Kiese Laymon On ‘How to Slowly Kill Yourself And Others in America,’ Republished
After the election, a tweet from writer Mary Annaïse Heglar went viral. It shows two maps of Mississippi, with the caption: “What y’all think Mississippi looks like versus what it actually looks like.”
The map on the left shows Mississippi colored in solid red. Next to it, the state is divided by counties, with many of them shaded in blue. But why?
What y’all think Mississippi looks like vs what it actually looks like. pic.twitter.com/oiWpvVklEN
— Mary Annaïse Heglar (@MaryHeglar) November 6, 2020
Heglar argues that Americans, particularly those living outside of the South, often view states in the South as solidly conservative.
But this election, many Black voters in Georgia and other Southern states pushed back by casting their ballot for Joe Biden as president. And they’re not alone.
In Mississippi, voters approved of a new magnolia flag to replace its previous flag that bore the stars and bars of the Confederacy.
And in his work, Mississippi writer Kiese Laymon reflects on his home state.
Here’s more of his writing in Vanity Fair:
75 miles from the armed confederate statue in Oxford, Emmett Till’s childish body was destroyed. 70 miles from that armed confederate statue, Fannie Lou Hamer was nearly beaten to death. 160 miles from that armed confederate statue, Medgar Evers was murdered as he enters his home. 80 miles from that armed confederate statue, Martin Luther King was murdered in Memphis.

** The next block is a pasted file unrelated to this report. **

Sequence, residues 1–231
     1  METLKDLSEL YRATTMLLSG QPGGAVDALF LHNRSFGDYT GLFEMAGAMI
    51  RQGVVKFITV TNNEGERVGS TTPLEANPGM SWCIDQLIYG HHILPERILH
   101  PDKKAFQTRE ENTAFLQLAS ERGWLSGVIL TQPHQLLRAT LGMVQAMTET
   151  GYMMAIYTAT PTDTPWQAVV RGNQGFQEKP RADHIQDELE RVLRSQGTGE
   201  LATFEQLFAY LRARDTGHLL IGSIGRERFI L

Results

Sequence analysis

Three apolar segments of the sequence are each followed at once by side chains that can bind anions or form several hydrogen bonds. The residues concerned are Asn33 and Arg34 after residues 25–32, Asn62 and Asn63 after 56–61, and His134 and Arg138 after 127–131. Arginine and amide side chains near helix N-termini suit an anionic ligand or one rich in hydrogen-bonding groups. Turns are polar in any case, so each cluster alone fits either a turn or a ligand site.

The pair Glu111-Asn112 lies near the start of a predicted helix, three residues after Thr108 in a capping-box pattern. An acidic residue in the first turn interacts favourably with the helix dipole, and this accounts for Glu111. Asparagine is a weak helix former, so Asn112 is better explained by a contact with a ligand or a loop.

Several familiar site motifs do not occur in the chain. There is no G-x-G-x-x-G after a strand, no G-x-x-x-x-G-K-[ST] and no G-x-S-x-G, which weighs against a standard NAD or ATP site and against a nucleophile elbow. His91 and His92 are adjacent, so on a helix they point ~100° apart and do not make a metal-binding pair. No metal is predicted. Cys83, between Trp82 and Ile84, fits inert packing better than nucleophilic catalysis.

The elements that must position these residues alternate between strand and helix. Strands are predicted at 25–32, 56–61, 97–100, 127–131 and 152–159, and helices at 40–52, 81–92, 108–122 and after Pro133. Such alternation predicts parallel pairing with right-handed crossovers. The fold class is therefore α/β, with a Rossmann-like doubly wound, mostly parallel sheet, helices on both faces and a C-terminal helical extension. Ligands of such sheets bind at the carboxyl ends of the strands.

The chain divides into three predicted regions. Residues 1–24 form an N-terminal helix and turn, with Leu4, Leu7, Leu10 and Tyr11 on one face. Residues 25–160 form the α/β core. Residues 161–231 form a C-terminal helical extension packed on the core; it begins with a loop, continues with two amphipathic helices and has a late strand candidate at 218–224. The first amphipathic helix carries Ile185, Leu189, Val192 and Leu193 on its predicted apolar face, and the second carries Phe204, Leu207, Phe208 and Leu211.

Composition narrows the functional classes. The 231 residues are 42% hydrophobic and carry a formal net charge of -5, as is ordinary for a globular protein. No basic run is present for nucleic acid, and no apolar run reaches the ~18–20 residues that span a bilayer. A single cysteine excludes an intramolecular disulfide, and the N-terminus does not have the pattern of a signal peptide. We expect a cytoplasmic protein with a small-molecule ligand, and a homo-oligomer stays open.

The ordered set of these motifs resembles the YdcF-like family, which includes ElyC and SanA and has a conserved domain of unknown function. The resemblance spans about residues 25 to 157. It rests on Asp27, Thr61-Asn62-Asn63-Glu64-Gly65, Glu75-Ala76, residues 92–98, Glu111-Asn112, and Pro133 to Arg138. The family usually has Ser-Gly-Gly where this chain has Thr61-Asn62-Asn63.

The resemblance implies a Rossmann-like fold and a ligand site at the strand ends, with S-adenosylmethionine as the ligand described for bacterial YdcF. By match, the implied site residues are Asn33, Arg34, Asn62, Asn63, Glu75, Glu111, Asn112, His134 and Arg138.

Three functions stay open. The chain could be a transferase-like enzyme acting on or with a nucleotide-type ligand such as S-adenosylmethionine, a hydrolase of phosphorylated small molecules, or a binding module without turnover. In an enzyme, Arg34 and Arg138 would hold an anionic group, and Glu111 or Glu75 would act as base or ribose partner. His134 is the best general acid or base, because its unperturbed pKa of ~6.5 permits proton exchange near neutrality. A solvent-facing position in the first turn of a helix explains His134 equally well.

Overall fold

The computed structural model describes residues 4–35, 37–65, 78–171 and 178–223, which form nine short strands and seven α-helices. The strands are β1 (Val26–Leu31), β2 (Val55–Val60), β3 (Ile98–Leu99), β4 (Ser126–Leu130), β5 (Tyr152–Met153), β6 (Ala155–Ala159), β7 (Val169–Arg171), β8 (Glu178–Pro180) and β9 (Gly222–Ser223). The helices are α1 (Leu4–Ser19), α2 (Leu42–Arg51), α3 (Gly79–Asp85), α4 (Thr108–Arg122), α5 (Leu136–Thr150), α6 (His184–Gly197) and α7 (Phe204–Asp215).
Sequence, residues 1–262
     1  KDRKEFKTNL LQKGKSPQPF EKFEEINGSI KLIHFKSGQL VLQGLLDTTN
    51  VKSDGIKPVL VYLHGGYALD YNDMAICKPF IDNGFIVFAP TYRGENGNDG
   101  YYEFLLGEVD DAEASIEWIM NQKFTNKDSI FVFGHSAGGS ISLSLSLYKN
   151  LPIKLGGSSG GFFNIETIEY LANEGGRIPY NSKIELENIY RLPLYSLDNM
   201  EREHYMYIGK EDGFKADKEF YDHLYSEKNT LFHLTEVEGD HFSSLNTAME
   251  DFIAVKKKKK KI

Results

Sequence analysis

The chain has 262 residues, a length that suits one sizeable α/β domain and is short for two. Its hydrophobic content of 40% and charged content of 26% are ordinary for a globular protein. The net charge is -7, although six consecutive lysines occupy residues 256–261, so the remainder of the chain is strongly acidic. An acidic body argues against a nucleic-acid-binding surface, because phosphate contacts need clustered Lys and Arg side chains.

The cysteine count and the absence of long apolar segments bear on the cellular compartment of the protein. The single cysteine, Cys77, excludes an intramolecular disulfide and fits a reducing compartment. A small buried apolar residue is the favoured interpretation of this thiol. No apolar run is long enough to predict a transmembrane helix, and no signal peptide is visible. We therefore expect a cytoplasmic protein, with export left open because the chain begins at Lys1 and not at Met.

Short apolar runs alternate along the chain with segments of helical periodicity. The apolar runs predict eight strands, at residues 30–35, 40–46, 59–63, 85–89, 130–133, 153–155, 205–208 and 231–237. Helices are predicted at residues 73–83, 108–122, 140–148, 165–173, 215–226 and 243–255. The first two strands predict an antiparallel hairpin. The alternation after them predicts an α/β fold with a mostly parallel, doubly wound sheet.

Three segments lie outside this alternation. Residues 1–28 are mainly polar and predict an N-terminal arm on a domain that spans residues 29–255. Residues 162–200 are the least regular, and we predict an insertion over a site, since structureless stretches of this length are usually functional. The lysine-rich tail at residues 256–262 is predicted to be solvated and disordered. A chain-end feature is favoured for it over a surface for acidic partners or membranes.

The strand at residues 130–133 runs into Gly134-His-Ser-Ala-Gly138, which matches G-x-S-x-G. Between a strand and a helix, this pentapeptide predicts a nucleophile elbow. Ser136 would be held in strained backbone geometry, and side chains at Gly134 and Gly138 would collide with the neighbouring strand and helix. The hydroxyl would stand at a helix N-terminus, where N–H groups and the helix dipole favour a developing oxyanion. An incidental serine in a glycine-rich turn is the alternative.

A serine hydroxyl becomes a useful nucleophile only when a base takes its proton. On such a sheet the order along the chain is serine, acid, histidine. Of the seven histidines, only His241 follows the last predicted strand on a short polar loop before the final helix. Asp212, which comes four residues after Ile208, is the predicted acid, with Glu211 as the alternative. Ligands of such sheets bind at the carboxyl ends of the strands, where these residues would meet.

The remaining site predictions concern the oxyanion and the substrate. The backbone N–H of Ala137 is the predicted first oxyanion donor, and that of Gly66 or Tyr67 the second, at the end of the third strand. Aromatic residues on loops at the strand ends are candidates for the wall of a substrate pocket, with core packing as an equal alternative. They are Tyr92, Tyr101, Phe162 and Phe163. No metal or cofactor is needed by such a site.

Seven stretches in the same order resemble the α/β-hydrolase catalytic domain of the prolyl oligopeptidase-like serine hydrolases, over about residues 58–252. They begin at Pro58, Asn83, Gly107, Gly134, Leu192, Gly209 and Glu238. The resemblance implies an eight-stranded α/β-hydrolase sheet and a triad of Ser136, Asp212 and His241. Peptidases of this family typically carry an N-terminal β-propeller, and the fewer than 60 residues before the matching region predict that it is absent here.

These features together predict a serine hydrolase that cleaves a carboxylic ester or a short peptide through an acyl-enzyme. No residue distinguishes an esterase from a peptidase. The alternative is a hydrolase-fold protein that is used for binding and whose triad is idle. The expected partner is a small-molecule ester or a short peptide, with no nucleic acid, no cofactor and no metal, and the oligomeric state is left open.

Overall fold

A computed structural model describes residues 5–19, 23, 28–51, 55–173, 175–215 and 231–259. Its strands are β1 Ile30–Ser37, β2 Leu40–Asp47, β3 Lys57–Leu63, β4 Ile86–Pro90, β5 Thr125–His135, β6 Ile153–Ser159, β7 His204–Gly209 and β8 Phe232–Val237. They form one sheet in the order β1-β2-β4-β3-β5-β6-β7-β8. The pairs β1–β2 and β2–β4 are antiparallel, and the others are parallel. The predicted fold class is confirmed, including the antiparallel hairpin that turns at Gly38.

It took way too much Black death to get here.
I am wandering around the spiritual consequences of materially progressing at the expense of Black death. I want to be courageous. I wonder, though, when courage becomes contagious—when courage is credentialized, subsidized, and incentivized—if it is still courage at all.
Find our last conversation with Kiese Laymon here.
In his republished essay collection “How to Slowly Kill Yourself And Others in America” he takes on the messiness, richness and violence of the South.
We’re talking with him about the republication of his first essay collection and what it means to him to be Black and from the South.
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